Attorney General Merrick Garland vows Justice Department ‘will not permit voters to be intimidated’ ahead of midterms


Attorney General Merrick Garland vowed Monday that the U.S. Justice Department “will not allow voter intimidation” in November’s midterm elections.

“The Department of Justice must ensure a free and fair vote for all eligible voters and will not allow voter intimidation,” Garland said at a news conference.

More than 7 million ballots had already been cast in 39 states on Monday, according to data from election officials, Edison Research and Catalyst. But with two weeks to go before Nov. 8, law enforcement agencies and officials are paying attention to Election Day and the potential threat of violence against election workers and reports of voter intimidation.

In one case in Arizona, which was referred to the Department of Justice and the Arizona Attorney General’s Office, an unidentified voter reported being approached and followed by a group of individuals while attempting to drop off their ballot at an early voting box. According to the report, the group charged the voter and their wife, took pictures of them and their license plate, and chased them out of the parking lot.

In another incident, Maricopa County officials said two gunmen dressed in tactical gear were seen outside a voting booth in Mesa, Arizona, on Friday night. The couple left the scene when the county sheriff’s office arrived.

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“We are deeply concerned about the safety of individuals who exercise their constitutional right to vote and who legally drop off their early ballot,” Maricopa County Board of Supervisors Chairman Bill Gates and Recorder Stephen Richer said in a joint statement. saturday

Dozens of Republicans running for governor, secretary of state or U.S. senator in 2022 have joined former President Donald Trump in dismissing President Joe Biden’s 2020 victory as unjustified or questioning its legitimacy, and some have tried to overturn the 2020 results. Such unsubstantiated allegations of widespread election fraud have inspired a series of new restrictive voting laws and raised concerns about election security.

Last year, the Department of Justice established a task force to address the growing threat to election officials, and security preparations are already underway across the country for Election Day.

For example, Colorado’s state law, the Voting Without Fear Act, prohibits the carrying of firearms at polling places or within 100 feet of a ballot box. And in Tallahassee, Florida, officials have added Kevlar and bulletproof acrylic shields to the Leon County elections office, said Mark Earley, the county’s director of elections.

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Samantha Vinograd, the Department of Homeland Security’s assistant secretary for counterterrorism, threat prevention and law enforcement, said Monday that the agency is “certainly very focused on what we believe is an incredibly heightened threat environment” ahead of the November election. She cited internet conspiracy theories and the history of extremist groups in the US as concerns.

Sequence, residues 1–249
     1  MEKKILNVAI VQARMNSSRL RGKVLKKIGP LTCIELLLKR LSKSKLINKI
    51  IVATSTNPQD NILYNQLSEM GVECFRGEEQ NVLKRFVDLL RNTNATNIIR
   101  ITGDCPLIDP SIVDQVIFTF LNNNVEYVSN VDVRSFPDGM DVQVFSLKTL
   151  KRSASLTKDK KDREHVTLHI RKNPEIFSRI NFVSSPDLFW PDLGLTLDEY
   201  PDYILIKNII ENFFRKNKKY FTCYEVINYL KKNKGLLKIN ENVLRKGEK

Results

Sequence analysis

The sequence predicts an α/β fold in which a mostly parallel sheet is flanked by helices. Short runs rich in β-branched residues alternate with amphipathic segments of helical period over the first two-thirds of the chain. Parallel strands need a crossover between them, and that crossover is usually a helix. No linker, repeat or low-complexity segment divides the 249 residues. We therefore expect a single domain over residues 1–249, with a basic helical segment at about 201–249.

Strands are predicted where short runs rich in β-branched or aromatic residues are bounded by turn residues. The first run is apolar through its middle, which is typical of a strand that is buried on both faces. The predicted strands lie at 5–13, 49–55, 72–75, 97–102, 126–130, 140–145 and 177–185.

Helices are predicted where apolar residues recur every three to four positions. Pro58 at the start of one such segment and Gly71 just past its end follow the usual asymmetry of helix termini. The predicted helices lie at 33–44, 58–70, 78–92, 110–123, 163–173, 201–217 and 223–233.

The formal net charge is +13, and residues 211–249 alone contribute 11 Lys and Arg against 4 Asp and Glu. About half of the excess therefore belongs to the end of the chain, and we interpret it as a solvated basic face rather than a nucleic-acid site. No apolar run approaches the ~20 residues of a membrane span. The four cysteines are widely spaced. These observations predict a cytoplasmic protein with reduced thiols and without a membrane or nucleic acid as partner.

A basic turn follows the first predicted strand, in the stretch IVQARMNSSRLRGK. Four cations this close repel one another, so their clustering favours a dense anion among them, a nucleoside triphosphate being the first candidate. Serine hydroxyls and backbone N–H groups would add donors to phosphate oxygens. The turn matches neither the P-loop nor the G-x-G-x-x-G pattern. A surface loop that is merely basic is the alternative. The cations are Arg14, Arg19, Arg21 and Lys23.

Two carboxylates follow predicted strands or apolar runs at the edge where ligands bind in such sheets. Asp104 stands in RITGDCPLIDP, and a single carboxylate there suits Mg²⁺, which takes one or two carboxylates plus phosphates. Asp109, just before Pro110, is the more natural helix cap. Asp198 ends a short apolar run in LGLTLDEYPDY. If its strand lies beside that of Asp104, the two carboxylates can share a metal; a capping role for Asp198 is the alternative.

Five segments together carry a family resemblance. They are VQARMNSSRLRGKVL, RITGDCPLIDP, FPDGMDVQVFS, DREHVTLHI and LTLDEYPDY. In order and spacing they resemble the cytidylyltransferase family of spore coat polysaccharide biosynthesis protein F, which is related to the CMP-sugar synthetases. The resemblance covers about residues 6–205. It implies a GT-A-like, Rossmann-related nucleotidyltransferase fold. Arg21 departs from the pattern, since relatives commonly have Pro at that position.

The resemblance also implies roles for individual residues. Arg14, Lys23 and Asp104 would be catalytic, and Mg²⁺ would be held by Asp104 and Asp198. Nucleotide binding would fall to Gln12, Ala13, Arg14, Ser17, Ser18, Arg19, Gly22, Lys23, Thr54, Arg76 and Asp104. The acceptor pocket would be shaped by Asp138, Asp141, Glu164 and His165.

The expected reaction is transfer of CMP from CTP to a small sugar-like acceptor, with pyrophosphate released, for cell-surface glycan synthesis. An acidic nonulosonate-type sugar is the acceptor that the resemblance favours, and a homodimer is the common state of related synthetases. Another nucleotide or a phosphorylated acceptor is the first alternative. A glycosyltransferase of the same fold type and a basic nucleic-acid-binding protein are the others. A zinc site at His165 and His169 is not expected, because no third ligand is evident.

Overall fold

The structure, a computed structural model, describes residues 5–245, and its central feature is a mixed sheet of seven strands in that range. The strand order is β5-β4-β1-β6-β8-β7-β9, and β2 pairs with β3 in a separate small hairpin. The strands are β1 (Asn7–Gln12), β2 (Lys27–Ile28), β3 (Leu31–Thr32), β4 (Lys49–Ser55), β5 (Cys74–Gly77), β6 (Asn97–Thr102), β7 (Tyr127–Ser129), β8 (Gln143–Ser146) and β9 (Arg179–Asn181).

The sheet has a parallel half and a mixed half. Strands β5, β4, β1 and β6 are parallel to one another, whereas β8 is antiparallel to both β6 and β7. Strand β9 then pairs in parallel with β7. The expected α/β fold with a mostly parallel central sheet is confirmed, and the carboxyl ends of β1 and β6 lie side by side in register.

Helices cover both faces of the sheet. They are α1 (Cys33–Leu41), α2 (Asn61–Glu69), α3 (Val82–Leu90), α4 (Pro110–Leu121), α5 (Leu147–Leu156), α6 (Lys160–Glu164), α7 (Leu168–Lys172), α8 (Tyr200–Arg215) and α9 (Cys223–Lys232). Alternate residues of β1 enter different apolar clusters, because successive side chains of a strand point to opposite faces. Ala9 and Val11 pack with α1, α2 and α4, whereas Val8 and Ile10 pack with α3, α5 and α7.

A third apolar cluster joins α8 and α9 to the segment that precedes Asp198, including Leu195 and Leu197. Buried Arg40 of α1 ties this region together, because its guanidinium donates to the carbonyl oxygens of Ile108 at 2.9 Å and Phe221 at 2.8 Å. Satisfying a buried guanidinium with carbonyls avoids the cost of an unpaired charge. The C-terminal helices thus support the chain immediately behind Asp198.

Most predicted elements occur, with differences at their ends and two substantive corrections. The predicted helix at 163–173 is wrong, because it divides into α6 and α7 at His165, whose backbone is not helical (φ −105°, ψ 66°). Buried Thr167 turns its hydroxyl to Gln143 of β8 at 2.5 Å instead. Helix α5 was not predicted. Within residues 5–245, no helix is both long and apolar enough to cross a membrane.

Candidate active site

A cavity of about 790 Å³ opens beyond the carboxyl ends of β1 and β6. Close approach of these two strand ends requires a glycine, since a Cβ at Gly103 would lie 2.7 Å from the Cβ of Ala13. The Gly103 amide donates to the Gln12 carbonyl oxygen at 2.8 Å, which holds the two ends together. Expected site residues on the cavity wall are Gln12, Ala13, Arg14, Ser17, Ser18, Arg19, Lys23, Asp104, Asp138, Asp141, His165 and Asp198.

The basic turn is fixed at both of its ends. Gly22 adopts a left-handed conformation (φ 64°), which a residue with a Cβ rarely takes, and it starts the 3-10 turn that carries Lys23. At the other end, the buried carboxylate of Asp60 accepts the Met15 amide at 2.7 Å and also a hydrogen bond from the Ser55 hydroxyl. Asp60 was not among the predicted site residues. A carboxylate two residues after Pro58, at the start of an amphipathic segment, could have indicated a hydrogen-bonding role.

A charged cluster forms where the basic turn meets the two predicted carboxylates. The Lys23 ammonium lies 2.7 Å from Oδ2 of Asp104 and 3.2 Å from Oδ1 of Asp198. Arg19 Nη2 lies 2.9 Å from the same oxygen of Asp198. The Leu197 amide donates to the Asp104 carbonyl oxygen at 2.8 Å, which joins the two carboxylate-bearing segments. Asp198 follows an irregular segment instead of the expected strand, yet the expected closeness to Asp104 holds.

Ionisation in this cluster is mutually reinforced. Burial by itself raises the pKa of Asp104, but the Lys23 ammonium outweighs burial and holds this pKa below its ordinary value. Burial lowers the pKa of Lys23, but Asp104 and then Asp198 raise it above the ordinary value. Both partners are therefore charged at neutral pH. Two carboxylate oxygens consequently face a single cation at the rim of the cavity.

“We know there’s a historical basis for election-related violence,” Vinograd, a former CNN contributor, said during the 2022 campaign. Homeland Security Enterprise Forum. “At the same time, anyone with a Twitter or Facebook account, or who watches the news, knows that countless conspiracy theories continue to circulate with various narratives surrounding false claims about the election.”

In the face of threats, she said, DHS — and specifically its Cybersecurity and Infrastructure Security Agency — is working to protect election security infrastructure.

Meanwhile, the FBI and sheriffs representing some of America’s largest counties have discussed the possibility of disinformation fueling violence at the polls during the midterm elections, a sheriffs association spokesman told CNN.

Last week’s briefing focused on how law enforcement can balance supporting the security needs of election officials without risking voter intimidation by being near polling places, said Megan Noland, executive director of America’s Largest County Sheriffs, which represents the 113 largest counties. sheriff’s offices in the country. Recent ballot box surveillance by private citizens was also discussed, Noland said.

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Former elections official Neal Kelley, who also spoke at the briefing, told CNN that potential confrontations at the polls “are something we have to watch.” The FBI declined to comment on the briefing.

The FBI, Kelley said, has reviewed the threat environment facing election officials.

“The whole idea was to give [sheriffs] the idea of ​​how they can work with their election officials because there’s not much of that happening across the country,” Kelley, a former chief elections officer in Orange County, California, said of his presentation. In large counties, police and election officials cooperate, while smaller counties often don’t, he said.

Kelley told CNN that one idea discussed during the briefing was to give patrol officers a list of election criminal codes to keep in their pocket when responding to any incidents on Election Day.

“If you call 9-1-1 as an election official on Election Day, it’s too late,” he said.

This story was updated Monday with additional information.


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